The Watch In Detail
My buddy Seth thought it would be valuable to extend my series on the watch, with a more critical eye. Essentially, what is good, what is bad, and what sucks.
I won’t try to convince you to buy the Apple Watch; nothing it offers is so fantastic as to necessarily justify the price. That said, if I lost mine I’d buy another the next day.
The watch face is beautiful, with the clarity you’d expect from a Retina display. The information you want can be customized as can colors, etc.
On the other hand, independent programmers cannot (yet?) write custom clock faces.
Apple watch apps should, ideally, be extensions of existing apps, rather than stand alone. A prime example of this is the weather app: want to know the temperature? Glance. Want to know more details? Lightly tap to get the day’s forecast. Want all the details? A harder press will open the app on your iPhone.
I’ve had a hard time finding third-party apps that I care about. Most don’t give enough information or they force you too quickly to open your phone,
On the other hand, the built-in apps work beautifully, and having Sound-Hound that, uh, handy, is actually surprisingly useful.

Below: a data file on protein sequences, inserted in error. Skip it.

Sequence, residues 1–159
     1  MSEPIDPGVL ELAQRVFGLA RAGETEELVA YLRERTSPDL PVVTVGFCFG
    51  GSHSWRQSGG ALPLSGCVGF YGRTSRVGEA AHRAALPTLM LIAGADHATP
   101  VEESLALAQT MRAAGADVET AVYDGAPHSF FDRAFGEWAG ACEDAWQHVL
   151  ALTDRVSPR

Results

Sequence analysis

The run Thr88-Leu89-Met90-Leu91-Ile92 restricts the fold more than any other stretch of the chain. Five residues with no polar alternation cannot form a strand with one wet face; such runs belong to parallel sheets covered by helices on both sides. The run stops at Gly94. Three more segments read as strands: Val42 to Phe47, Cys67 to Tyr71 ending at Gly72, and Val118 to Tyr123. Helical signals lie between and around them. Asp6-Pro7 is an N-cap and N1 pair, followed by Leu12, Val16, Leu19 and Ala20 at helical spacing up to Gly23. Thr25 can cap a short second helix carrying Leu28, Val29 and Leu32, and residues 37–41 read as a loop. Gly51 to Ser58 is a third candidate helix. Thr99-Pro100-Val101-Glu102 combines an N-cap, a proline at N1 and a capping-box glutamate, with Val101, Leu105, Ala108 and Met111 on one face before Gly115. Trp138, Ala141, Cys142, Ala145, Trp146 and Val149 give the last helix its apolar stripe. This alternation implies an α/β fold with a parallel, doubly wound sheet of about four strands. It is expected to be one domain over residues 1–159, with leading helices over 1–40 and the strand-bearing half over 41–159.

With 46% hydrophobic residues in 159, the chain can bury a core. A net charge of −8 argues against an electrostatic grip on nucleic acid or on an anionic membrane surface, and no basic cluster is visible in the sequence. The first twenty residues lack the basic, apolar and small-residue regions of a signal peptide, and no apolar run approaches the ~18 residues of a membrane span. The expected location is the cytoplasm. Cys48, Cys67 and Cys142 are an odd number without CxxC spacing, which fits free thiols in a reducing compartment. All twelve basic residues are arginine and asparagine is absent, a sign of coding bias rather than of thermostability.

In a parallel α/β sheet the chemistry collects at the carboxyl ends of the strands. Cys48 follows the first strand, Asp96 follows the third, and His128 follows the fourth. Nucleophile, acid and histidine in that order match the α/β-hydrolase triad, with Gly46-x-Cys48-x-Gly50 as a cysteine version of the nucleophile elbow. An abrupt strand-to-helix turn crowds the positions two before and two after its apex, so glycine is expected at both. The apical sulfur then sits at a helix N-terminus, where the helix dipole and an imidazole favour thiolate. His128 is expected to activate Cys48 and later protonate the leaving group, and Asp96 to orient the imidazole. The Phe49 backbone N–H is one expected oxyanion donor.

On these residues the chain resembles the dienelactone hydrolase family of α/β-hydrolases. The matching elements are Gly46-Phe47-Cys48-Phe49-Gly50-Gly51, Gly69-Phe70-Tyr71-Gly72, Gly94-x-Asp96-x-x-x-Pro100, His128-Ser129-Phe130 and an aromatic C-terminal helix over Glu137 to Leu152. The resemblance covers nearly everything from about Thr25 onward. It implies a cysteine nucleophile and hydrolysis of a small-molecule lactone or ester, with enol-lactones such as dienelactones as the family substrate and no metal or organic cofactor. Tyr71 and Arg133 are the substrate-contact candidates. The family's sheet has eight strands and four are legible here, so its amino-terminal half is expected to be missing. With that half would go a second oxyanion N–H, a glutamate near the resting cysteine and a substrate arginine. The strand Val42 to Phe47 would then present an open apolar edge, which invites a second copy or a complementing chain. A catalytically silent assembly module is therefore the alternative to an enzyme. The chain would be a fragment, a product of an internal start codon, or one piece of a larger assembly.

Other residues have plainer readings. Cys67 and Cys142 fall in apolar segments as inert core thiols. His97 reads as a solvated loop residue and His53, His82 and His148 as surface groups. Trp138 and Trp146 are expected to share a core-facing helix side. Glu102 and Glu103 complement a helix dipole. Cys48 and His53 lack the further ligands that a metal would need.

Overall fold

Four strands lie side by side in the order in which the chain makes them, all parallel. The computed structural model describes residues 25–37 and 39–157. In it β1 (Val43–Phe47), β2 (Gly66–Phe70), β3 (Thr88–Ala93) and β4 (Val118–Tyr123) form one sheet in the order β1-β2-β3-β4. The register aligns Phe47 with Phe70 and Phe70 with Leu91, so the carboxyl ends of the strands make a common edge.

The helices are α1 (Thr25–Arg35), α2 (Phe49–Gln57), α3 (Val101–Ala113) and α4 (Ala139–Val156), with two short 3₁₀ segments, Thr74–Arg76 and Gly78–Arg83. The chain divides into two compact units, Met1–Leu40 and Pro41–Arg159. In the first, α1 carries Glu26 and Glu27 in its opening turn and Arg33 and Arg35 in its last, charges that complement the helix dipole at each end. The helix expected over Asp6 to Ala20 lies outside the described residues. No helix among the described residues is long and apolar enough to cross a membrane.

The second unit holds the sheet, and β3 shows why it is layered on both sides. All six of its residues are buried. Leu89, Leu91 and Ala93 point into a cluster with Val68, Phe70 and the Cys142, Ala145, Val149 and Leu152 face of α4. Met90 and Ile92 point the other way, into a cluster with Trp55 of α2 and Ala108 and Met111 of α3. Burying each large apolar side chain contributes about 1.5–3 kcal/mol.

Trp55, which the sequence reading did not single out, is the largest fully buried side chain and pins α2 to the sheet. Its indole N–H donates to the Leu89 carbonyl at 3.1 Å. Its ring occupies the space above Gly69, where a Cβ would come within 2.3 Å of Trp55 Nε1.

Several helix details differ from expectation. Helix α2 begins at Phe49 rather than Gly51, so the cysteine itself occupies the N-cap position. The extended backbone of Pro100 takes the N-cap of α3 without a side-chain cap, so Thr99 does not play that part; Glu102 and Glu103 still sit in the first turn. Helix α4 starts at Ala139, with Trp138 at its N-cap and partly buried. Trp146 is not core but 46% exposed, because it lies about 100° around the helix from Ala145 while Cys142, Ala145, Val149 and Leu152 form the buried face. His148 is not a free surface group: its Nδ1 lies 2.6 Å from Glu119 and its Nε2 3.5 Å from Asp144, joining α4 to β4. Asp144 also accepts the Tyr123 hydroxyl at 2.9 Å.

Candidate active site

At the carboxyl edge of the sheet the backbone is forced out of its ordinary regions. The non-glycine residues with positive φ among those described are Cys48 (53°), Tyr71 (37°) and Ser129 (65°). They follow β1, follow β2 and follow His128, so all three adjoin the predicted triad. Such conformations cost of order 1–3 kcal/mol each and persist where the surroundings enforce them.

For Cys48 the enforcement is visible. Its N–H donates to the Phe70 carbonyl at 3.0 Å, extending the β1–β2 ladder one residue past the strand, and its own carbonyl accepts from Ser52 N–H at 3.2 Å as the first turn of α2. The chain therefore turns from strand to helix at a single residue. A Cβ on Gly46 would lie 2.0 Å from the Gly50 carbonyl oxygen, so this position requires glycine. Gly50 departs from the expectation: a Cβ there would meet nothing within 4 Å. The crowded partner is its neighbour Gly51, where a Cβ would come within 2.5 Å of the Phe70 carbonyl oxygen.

While I can’t identify a universally agreed upon killer-app, I can tell you that the clock face I use has my next appointment displayed. Touch it and I get the entire day, and then more touches let me see the month, etc.
This is phenomenally useful.
I also love that I can see what an alarm is for, and silence it from my wrist.
Surprisingly, the ability to answer phone calls and then hand off to the phone once you dig it out of your pocket, is terrific as well.
Siri is better and more convenient than ever. Turn your wrist and say “Hey Siri” then ask your question. Often you’ll get the answer, but annoyingly much of the time the answer is on your phone (which kind of defeats the purpose).
There is handoff to make that transition easier, but you still have to dig your phone out of your pocket.
Speaking of which, Handoff is much improved. To handoff from the watch to your phone is a snap. Whatever app you are in appears as a small icon on the lock screen. Flip that up and now you are on your phone
Looking at the time
Apple has done an almost magical job of allowing you to look at the watch and have the screen spring to life.. Unless you are lying down. That said you can always touch the crown to bring up the face if all else fails.
There is no need to flick your wrist, just turn it to see the time and hey! Presto! It is there as it should be.
Flip Up, Down and Sideways
Notifications are easily found by pulling down from the top. Apps are found by pulling up from the bottom. Details by sliding right or left. It takes some getting used to but it works well
If you are on the app screen (which also works surprisingly well) you can overcome the fat-finger problem by approximately centering the app you want and then turning the crown, which opens the app
Coming soon… Apple Watch vs. Pebble